Spirit of The Highlands Collection
Paul Taggart Grande Miniature Masterworks
Oils on Gesso'd Wood Panel
Private Collector Ownership
Frame Size (outer) 71cm[w] x 42cm[h]
FRAME - Hand-made by Frinton Frames. 85mm wide frame tailored to the painting. Ribbed moulding surrounding Ivory Liner, hand coloured in Beige/Blue/Red with Light Grey Wash.
“Welcome to our Highland studio and thank you for dropping by to view my original Masterworks oil painting ‘Lone Piper’ a companion to ‘Christmas Bells’ and ‘The Low Road’. One of the three paintings that I intended to produce for us to publish as a Fund-Raising Limited-Edition Print for Macmillan Cancer Support.
A festive evening in December, in the Sutherland town of Dornoch - the Lone Piper stands in readiness on the turret roof. Visitors, friends and neighbours have, as usual, enjoyed the sounds of the pipe band as they march up and down Castle Street and Dornoch Square.
SUBJECT - Glistening pavements and streets reflect a variegated palette of jewel colours from buildings bathed in a golden glow, seasonal lights sparkling in leaf-bare trees and the moonlit, midnight-blue sky.
We spot a cheery couple, topped in their celebratory red jester hats, youngsters enjoying the simple pleasure that sparklers bring, a white-capped boy engrossed in the pipers, a fur-hatted lady striding purposefully home and a waistcoated figure who seems to be staring back at you, the viewer of this painting.
The picturesque Scottish Highlands cathedral town of Dornoch prides itself on its community spirit, at both the personal and business level – this painting celebrates one aspect of that sense of community – the Dornoch Pipe Band and the tradition of the lone piper on the turret of the Castle Hotel, so enjoyed by residents and international visitors.
COMPOSITION - Every element in this composition was worked in miniature-style, which is why we term this a Grande Miniature. This painting is filled with the brightest of lights and the darkest of darks. Each of the multitude of figures required personal attention, to ensure the overall composition was filled with movement and depth. Compositionally the actual view requires the observer to swivel their head 180o, from left to right, but as the artist I was able to portray the entire scene as a panoramic composition.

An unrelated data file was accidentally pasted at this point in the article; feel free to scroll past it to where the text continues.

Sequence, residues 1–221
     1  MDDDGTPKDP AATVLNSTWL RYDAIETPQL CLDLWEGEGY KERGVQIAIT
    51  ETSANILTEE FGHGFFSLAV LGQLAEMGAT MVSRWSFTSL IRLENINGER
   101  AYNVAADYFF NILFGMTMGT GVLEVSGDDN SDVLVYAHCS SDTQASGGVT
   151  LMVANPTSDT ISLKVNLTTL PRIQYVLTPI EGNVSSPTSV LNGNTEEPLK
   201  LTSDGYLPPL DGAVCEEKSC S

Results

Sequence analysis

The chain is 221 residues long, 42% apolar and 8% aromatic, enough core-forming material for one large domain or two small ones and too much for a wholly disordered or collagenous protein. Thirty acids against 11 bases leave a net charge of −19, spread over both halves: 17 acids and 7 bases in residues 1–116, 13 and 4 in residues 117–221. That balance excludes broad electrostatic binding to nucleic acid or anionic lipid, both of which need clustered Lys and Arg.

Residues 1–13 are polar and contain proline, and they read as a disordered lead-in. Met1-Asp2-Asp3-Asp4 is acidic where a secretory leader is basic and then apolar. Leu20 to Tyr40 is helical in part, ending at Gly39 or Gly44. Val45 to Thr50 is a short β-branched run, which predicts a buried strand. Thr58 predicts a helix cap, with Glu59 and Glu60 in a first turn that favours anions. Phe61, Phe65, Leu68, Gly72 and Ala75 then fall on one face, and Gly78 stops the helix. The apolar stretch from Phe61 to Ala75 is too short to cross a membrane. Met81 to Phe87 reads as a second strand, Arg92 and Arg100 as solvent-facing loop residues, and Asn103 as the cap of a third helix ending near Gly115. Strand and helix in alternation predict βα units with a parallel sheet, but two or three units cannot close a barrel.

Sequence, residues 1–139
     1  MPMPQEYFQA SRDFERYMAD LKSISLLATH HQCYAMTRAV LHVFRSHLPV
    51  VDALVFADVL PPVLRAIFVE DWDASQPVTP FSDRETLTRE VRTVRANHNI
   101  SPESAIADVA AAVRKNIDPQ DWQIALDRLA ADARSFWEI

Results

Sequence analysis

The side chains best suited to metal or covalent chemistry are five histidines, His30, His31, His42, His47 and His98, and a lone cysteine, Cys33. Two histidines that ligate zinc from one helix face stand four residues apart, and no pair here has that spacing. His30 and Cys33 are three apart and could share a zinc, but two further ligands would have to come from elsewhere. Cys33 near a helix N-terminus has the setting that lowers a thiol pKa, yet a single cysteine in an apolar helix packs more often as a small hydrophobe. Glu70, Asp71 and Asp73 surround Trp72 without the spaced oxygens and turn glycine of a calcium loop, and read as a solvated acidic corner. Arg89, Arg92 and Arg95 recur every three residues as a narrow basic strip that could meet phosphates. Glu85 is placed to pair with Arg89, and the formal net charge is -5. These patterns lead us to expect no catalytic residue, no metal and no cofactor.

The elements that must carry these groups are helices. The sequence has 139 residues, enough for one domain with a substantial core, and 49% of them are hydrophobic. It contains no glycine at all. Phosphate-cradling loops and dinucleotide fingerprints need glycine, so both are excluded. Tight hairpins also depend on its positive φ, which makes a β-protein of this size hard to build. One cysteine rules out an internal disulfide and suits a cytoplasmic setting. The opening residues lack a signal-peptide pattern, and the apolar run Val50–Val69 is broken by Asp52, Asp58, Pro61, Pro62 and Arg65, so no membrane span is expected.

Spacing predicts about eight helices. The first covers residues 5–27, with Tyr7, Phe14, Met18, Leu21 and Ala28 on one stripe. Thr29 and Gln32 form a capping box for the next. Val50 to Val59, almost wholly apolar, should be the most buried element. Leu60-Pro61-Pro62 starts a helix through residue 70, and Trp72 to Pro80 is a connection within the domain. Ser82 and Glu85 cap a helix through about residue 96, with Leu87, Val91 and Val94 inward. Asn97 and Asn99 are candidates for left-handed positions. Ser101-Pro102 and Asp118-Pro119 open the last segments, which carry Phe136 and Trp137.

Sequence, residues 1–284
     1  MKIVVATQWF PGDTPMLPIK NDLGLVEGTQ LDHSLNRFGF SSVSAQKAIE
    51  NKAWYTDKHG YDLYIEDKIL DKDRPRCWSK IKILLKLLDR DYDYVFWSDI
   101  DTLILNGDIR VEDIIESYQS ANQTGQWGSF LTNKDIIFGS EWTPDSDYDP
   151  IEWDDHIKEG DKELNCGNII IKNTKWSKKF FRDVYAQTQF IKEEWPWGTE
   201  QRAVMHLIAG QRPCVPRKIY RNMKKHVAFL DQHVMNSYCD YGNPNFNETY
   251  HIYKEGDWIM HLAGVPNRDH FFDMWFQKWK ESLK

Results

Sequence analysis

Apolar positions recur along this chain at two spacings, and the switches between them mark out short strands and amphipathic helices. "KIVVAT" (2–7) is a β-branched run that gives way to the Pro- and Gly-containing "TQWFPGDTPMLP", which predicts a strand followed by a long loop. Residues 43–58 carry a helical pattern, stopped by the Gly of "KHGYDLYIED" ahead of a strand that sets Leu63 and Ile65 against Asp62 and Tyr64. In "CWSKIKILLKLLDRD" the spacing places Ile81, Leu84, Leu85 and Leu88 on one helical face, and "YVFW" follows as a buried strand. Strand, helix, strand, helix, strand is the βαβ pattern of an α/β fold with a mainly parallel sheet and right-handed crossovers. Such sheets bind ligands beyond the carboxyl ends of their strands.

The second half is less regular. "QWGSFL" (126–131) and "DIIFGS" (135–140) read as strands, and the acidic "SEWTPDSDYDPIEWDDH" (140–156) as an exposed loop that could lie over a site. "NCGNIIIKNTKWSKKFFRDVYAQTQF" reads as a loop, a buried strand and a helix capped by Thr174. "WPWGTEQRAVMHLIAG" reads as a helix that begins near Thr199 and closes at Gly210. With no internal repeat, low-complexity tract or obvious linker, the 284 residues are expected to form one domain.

METHOD – The traditional techniques I employ in my oil paintings involve a succession of layers. With each layer the overall colour and balance across the entire painting is refined, in order that I can achieve the impression of space and light which I am aiming for. Layering is essential - it allows the initial build-up of texture through to the finer layers of glazes and tints. Not only this, it allows the gradual build-up of colours, from dark to light and the finishing touches of absolute highlights.
There is absolutely no rushing this process, it requires meticulous attention and considerable patience; for the paint surface must be discovered and explored - it cannot be contrived.
This is what makes painting particularly exciting for me and especially so in using traditional techniques. The result is almost inevitably a discovery, an unexpected delight that can be exploited and it is this element of the unexpected that drives me to push the limits of my work.
As always, we thank you for reading and watching, with best wishes from Eileen and myself,”
Artist : Author : Presenter : Producer
Would you like to take up painting?
Do you paint yourself?
Would you like to know more about the traditional techniques that I use?
Click here to DISCOVER our catalogue of painting video tutorials.